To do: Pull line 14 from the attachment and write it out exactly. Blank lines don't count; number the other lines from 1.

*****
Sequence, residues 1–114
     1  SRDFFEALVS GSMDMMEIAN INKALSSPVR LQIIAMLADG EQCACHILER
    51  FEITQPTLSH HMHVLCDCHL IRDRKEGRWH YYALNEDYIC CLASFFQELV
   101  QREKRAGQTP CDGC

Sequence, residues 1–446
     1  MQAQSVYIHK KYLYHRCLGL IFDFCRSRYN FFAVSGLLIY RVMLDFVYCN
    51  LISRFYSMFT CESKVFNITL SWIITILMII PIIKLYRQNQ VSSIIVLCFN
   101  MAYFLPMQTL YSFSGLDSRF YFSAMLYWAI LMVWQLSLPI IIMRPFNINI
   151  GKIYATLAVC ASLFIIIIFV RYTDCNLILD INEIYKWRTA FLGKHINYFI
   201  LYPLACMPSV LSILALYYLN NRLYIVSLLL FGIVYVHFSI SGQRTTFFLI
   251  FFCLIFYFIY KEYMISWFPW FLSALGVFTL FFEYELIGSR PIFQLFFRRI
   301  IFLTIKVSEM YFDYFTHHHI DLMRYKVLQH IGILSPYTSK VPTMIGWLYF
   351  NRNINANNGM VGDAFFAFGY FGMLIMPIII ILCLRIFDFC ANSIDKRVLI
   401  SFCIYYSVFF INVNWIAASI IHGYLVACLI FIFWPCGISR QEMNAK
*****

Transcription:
   401  SFCIYYSVFF INVNWIAASI IHGYLVACLI FIFWPCGISR QEMNAK